The theory first appeared in the 80s as a refinement of Harry Schultz’s original three flag theory. It takes advantage of gaps in tax law and essentially allows people to “slip through the cracks” by internationalizing every aspect of their lives. To implement it, you have to carefully distribute your life across at least five different jurisdictions (flags). The first flag is your citizenship and it has to be planted in a country that does not have a citizenship-based taxation system. The second flag is your tax residence and it has to be planted in a country that either is a true tax haven or has a territorial taxation system. The third flag is your business and it has to be planted in a country that either is a true tax haven or that does not tax the type of income your business generates. The fourth flag is your assets and it has to be planted in a stable, well-governed country. The fifth flag is your playground, it is the countries you will spend most of your time in.
Here is an example of how it works in practice: John is a Canadian citizen and a tax resident of Malaysia (domicile rules). Canada does not usually tax its non-resident citizens and Malaysia does not tax its residents if they spend under 60 days in-country in any given year. John’s business is based in the Cayman Islands, with a payment processing subsidiary in the UK. Neither countries tax the type of income that John’s business generates. John’s liquid assets are held in Hong Kong and Singapore where they are not subject to any form of taxation. John spends most of his time on the road, traveling from country to country. He never stays long enough to become a tax resident nor does he establishes sufficient local ties to move his domicile. John lives tax-free and runs his business tax-free.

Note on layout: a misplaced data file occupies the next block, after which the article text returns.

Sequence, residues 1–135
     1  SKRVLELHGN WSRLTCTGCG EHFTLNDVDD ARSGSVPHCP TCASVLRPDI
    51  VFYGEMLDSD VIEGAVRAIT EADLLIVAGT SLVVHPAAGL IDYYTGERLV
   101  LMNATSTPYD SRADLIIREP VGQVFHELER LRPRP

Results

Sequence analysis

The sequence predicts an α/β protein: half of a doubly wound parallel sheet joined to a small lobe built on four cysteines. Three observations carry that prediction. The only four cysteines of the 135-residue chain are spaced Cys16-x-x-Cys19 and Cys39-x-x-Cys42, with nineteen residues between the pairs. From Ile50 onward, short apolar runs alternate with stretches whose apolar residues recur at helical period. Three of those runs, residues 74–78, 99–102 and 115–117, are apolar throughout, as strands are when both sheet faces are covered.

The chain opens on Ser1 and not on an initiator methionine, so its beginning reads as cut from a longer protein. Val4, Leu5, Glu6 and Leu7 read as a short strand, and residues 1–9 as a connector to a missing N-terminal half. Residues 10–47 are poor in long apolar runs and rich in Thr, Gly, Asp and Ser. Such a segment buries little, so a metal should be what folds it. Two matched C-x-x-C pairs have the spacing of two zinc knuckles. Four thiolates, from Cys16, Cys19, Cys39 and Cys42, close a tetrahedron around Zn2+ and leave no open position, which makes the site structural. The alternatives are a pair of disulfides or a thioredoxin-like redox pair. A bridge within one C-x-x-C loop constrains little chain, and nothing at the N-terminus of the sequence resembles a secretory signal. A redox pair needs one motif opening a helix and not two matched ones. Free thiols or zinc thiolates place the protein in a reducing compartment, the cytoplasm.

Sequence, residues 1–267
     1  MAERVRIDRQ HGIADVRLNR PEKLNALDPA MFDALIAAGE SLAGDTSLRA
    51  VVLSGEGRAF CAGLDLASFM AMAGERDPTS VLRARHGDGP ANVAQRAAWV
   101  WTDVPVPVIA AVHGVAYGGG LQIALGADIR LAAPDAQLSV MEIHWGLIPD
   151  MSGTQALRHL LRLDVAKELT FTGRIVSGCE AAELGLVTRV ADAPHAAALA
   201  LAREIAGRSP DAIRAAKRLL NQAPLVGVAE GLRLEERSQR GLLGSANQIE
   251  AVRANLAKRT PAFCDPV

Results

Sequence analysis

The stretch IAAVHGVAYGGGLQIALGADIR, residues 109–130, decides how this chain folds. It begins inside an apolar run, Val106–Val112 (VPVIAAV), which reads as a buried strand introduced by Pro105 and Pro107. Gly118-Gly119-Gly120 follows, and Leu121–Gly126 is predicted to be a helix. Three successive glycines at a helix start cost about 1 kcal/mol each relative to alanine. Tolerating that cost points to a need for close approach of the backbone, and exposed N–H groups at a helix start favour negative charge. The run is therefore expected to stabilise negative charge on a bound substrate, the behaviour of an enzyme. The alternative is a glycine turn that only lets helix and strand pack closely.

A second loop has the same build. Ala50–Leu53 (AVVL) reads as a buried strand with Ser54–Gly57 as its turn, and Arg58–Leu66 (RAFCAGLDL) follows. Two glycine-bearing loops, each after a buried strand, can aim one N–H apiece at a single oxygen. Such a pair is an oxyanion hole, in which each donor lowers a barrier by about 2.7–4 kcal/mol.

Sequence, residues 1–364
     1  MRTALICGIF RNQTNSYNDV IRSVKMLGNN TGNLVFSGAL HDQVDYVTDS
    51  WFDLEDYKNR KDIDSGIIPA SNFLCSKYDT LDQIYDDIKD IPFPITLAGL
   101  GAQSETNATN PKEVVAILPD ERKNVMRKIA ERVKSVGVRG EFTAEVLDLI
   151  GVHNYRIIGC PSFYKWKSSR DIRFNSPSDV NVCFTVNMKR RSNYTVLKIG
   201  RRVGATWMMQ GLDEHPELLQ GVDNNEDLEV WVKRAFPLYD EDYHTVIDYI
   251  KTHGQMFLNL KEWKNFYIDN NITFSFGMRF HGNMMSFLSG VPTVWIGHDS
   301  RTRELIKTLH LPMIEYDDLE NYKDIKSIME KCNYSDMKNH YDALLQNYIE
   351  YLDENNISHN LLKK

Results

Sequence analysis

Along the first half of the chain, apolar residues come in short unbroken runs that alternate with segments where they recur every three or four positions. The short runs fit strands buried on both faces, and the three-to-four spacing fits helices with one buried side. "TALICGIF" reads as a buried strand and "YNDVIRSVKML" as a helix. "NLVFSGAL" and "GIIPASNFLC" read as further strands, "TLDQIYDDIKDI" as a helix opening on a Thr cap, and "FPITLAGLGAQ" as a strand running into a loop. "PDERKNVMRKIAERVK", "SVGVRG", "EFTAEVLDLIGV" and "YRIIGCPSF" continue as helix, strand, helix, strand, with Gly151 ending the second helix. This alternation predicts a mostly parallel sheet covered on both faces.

Considering that the theory was first circulated over thirty years ago, you would think that by now most governments would have caught up with it and closed all the loopholes that enable it. They have not. In fact, implementing it has become even easier thanks to the internet and the number of five flag theorist now stands at a record high.
What is the catch?
It is the travel part. A five flag theorist has to travel perpetually in order to avoid becoming a tax resident in any other jurisdiction than that of flag two (this is why flag theorists are often referred to as perpetual travelers). The traveling does not have to be fast, however, as many countries allow tourists to stay up to 6 months before considering them tax residents. With that being said, for some this constant movement may still be a deal-breaker.
Who can benefit from it?
Anyone whose main source of income is generated in a location independent way can benefit from implementing the theory. Not only from a tax standpoint but also from an assets protection and risk management standpoint. Even US citizens can become five flag theorists although the implementation process is slightly more complicated and does not always result in tax-free living.
How to get started
Before getting started, I recommend traveling for an entire year to test out the waters. If you are happy with the lifestyle and wish to implement the theory, your first step will be to build a plan. You will need to choose each of your flags carefully, especially the second one. You will then need to plant them and take care of all the related compliance work. I recommend completing the Zero Tax Nomad course, I built it with the five flag theory in mind. I also recommend reading as many articles as possible on this site and on the other location independent sites. Knowledge is key.